Marriage is an objective act as well. One might be later convinced that they really didn’t love their spouse and got married for the wrong reasons, but none of that changes the fact that they are objectively married. You don’t get remarried, nor ought you to repudiate the marriage, but you are called to live in the reality of the covenantal vows that were made, whether you initially meant them or not. There are way too many baptism annulments in the U.S. Church and I am troubled by the lack of understanding on this issue. I think that folks have overemphasized their personal narrative in relation to baptism and this has caused some folks to want to be rebaptized as many as 4 or 5 times in their lifetime, constantly seeking assurance and reassurance. This is unhealthy. The fact is that our walk with Christ, just like our marriages, may go through ups and downs. The solution isn’t to get remarried to seek some emotional catapult, but rather to bring oneself under the discipline of the marital vows. Maybe you never believed, or walked away from the faith, but the fact is that you are still wearing Christ in your baptism. The fact that one is baptized actually makes such sins that much more serious, as they should be dealt with within the jurisdiction of the local church; just as infidelity in marriage is worse precisely because you are married, irregardless of what you thought of your marital vows. The judge won’t care what you were thinking when you got married when settling custody disputes, alimony, child support, etc.

The fault, however, rests much more severely upon the American church. The American church has pretty much abandoned any guarding of the sacraments, membership, discipline, etc. The church has aided and abetted by trampling previous baptisms in annulling them with great joy as they celebrate yet another baptism they will mark in their books as their own. I have been asked about rebaptism from some folks and have graciously explained why I couldn’t, in good conscience, rebaptize them (the only exception being infant baptism, which I don’t repudiate if they hold it in good conscience as their valid sign and seal of regeneration in Christ and the Church). I’m grateful that the folks I have spoken to have been understanding. The common question I pose is, “What makes you so certain that this 2nd, 3rd, 4th baptism is genuine?” and “Do you expect me to baptize you again in a few years should you be convinced that you are not really regenerate right now?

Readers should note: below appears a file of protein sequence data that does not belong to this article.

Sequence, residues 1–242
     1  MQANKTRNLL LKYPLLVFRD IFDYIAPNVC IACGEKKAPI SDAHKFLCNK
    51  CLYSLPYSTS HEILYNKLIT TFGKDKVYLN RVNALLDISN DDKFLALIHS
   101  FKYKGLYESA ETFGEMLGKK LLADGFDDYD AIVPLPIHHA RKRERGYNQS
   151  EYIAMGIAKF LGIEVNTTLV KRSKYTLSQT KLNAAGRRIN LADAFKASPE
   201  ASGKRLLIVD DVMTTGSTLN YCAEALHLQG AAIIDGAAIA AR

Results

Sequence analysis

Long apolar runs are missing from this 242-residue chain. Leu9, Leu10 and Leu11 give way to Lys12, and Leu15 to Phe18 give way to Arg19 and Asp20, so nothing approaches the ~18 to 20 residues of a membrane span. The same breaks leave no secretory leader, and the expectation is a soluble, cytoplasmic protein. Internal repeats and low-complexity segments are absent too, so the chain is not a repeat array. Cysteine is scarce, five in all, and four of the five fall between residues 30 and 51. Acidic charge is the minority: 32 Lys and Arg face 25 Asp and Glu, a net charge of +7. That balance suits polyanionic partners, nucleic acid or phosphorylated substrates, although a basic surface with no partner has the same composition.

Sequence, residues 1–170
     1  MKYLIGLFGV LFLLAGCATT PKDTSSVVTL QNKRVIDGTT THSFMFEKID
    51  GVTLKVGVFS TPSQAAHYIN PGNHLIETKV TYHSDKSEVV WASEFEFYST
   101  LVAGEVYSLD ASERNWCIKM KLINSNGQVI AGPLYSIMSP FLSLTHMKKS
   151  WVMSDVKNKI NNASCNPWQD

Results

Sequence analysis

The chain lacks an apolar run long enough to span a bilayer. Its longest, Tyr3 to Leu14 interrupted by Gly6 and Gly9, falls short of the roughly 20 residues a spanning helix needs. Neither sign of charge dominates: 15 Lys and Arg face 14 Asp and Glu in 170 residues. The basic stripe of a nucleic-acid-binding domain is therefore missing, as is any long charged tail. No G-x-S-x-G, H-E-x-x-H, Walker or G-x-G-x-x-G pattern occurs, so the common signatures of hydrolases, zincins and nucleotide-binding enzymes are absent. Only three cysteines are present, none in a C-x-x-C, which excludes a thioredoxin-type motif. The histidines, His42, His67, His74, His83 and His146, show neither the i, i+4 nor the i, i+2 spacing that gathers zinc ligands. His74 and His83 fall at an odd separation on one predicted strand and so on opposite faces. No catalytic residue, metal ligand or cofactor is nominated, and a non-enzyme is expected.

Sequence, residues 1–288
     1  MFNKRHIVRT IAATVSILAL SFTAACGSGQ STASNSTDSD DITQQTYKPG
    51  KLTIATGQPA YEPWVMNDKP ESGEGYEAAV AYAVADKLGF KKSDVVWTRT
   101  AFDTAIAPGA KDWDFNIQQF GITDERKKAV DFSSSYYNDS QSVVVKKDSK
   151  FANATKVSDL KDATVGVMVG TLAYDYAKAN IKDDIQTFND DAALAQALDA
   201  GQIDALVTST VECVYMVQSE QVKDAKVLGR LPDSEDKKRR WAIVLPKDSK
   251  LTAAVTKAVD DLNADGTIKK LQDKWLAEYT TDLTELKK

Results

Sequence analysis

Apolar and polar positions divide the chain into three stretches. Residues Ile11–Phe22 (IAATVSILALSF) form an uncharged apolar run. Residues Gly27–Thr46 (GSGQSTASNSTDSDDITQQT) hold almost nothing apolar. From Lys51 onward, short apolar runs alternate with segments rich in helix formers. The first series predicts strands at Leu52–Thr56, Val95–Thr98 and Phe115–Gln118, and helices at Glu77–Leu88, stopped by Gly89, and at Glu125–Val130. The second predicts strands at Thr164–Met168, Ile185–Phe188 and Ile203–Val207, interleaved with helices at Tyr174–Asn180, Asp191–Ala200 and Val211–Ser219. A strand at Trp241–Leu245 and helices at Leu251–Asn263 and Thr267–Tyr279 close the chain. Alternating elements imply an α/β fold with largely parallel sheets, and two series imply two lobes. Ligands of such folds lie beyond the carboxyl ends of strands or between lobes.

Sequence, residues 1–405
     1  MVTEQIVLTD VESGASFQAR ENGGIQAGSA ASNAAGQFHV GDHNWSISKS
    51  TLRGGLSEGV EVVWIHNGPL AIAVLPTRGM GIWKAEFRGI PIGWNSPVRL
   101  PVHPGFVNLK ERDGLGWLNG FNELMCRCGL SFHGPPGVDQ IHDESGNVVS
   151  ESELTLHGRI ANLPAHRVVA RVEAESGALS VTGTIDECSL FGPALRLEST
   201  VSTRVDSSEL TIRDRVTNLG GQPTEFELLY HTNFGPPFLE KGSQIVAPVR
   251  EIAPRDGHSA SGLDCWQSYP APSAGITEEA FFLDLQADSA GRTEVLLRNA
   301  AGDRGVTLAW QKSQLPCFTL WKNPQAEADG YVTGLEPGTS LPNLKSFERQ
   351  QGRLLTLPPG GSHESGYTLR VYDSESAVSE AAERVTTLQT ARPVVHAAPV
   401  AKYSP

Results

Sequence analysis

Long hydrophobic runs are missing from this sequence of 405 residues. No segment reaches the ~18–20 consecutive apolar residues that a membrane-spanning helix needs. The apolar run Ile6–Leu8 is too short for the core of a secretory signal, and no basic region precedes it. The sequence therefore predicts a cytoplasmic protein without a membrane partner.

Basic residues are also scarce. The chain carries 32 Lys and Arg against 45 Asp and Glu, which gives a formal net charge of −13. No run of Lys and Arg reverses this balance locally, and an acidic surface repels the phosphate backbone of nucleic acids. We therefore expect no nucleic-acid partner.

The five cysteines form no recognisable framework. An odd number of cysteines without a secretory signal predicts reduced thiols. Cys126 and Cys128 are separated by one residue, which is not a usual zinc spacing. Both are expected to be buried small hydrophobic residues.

My Baptism Bibliography

Posted: August 5, 2010 by Rick Hogaboam in Baptism
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This is a Baptism Bibliography of works I have read:

Adams, Jay E.. Meaning & Mode of Baptism. Philidelphia: Presbyterian & Reformed Publishing Company, 1979. Print.

Aland, Kurt. Did the Early Church Baptize Infants?. Eugene: Wipf & Stock Publishers, 2004. Print.

Believer’s Baptism: Sign of the New Covenant in Christ (Nac Studies in Bible & Theology). Nashville, Tennessee: B&H Publishing Group, 2008. Print.

Bridge, Donald, and David Phypers. The Water that Divides: Two Views on Baptism Explored. Ross-Shire: Christian Focus, 2008. Print.

Castelein, John D., Robert Kolb, Richard L., Tom J. Nettles, and Jr. Pratt. Understanding 4 Views on Baptism (Counterpoints: Church Life). Grand Rapids: Zondervan Publishing Company, 2004. Print.

Ferguson, Everett. Backgrounds of Early Christianity     **ISBN: 9780802822215**. Grand Rapids: Eerdmans Pub Co, 2003. Print.